I learned that I could get creative. Food could grow almost anywhere. In homes with a yard one could obviously grow food straight in the soil with an added mixture of compost and good organic potting soil mix. In small spaces with no yard, food could be grown in pots, both indoors and outside. Little patches of sunlight coming through a window could magically be transformed into a little herb garden. A little imagination and education of growing food could go a long way.

A couple of months ago, I was given notice by my landlord that I would have to move out because of her personal circumstances. There was a moment of panic, as finding a new affordable home, in today’s crazy rental market and in the middle of winter and as a single mother, at first seemed impossible. But me being me, I decided to take on the challenge with a smile, a knowing that something better is coming our way. And it did. The first thing I noticed as I drove into the driveway when coming to check out our new home was not the bright turquoise color of the house. Neither was it that there were neighbors above and beside the rental unit. It wasn’t the large square footage of the unit either, although it sure impressed me. It was the land. Wow! I had arrived in the Garden of Eden! I asked the new landlord to show me around the land before I even saw the inside of the unit. She showed me the different banana groves, the three different kinds of avocado trees, one in which the avocados are the size of small melons. She showed me the orange trees, the mango trees, the papaya, guava and a magnificent purple apple tree. A coconut tree, tangerine trees and to top it all off, a perfect large rectangular space for a vegetable garden. It was a clear “yes!” this was to be our new home.

As I sit and write these words, I look out the window and see these trees, this source of food, swaying in the morning Haiku breeze. Although this land is on the opposite side of the globe and in a different climate, this is the first time I feel at “home” since being plucked out of my childhood sanctuary in the deserts of Israel. I see wild chickens freely roaming the land, butterflies and bees fluttering from the crown flower tree to geranium flowers, I see little birds that look like hummingbirds fluttering between banana trees, drinking from the water collected in the crevices of the trees from last night’s rain. My eyes roll over to that rectangular space, the one which awaits my sweat and sowing of seeds. This one I will put to good use. This will be the joint project for my son and I. This one will be fertile with greens and kitchen herbs.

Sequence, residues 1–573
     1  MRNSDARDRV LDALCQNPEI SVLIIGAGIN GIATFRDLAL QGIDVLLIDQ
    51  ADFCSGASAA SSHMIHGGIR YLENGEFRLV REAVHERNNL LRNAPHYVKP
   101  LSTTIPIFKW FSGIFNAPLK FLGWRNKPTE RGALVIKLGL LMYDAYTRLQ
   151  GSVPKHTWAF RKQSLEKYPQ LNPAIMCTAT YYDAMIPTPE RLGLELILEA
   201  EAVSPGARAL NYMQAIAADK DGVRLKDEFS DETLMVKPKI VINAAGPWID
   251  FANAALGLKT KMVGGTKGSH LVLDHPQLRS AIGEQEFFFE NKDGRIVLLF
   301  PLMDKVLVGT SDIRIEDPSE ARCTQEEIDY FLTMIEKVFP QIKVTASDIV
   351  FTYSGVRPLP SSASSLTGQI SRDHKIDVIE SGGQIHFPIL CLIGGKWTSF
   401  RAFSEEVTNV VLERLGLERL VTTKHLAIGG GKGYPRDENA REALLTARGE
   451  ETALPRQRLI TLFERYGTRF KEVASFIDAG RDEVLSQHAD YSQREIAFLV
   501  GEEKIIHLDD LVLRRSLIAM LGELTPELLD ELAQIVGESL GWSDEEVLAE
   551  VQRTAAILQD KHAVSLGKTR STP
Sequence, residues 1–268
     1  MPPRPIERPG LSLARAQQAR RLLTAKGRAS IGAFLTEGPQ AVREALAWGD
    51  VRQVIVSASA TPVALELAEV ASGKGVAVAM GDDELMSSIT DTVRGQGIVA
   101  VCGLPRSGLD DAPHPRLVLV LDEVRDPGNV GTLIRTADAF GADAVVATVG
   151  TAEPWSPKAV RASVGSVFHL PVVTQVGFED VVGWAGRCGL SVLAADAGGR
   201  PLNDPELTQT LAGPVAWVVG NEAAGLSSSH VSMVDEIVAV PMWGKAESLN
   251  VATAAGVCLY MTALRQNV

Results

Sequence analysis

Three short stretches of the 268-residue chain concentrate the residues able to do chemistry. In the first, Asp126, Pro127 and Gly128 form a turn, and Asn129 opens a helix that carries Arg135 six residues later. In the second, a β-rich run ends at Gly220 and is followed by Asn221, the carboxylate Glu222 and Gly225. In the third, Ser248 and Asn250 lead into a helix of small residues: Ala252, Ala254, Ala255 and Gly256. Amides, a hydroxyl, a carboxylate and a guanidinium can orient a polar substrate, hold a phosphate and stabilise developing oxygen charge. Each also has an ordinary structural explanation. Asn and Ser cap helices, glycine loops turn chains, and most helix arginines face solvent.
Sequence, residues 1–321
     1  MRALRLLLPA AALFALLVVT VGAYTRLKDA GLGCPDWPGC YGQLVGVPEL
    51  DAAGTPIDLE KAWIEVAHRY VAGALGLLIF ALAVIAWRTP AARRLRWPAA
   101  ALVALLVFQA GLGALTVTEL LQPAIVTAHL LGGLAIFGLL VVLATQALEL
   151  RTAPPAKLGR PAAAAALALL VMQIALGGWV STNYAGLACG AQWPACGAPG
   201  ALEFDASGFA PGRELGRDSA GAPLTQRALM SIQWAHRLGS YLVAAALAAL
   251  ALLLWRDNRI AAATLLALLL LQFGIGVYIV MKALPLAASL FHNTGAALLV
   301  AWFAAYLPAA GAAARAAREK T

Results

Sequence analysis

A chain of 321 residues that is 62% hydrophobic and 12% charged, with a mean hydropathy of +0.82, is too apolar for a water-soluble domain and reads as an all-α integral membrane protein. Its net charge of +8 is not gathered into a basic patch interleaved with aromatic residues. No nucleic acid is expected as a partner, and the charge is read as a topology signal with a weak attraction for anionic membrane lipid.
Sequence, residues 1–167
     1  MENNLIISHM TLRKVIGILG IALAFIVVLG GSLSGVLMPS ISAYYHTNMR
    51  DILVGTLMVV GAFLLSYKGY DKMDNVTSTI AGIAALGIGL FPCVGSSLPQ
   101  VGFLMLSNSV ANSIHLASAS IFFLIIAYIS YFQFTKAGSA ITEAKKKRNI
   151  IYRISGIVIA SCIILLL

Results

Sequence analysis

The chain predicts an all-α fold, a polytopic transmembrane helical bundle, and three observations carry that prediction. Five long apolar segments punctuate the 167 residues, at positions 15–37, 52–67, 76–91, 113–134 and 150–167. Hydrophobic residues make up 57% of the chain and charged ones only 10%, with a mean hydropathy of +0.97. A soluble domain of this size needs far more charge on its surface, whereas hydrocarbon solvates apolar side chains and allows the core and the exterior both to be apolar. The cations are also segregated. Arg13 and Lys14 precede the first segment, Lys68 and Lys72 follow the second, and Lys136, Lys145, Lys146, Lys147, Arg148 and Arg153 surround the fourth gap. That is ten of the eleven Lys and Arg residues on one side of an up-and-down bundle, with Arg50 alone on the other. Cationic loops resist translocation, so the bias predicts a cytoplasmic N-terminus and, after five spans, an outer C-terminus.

You see, it is not only about picking fresh food from the land, which excites me about this new home. It is not only about having organic food at a close reach. It is not even about not paying an arm and a leg for organic produce at the local natural food store. There is something more poetically meaningful about this Eden. It is raw, it is primal. I can literally not only live off this land, but thrive off of it! I feel like Adam and Eve in the Garden of Eden when humans were gentle, healthy, and vegan and pure food was within arm’s reach! Sowing the seeds of food is by definition, in today’s chaotic world, sowing the seeds of change. A change of awareness. The awareness that we could feed our bodies with fruits from the trees and the soil, as opposed to purchasing butchered bodies of suffering animals all wrapped up nicely in Styrofoam packages laid neatly in rows on the supermarket shelf or the seemingly-perfect fruits and veggies displayed in all their toxic herbicide and pesticide glory. It is an unlearning, or shedding off, of ideas about food and where it comes from. Going back to our roots where growing food was a natural part of life. The cool thing about it all is that I have enough produce to share and trade with others. I give you oranges, you give me lemons. Simplicity that requires only the desire and the awareness to step outside the destructive, capitalistic matrix and back to the “Garden of Eden.”

I look outside my window and I can almost see my father walking slowly from tree to tree turning an avocado here, an apple there, explaining in his own way how to tell when the perfect time for harvest is. He is peaceful. I wish I could share this heaven with him. I will forever treasure the gift he gave me-the gift of growing food and the immense satisfaction of eating the live, abundant, and vibrant nutrients of the earth.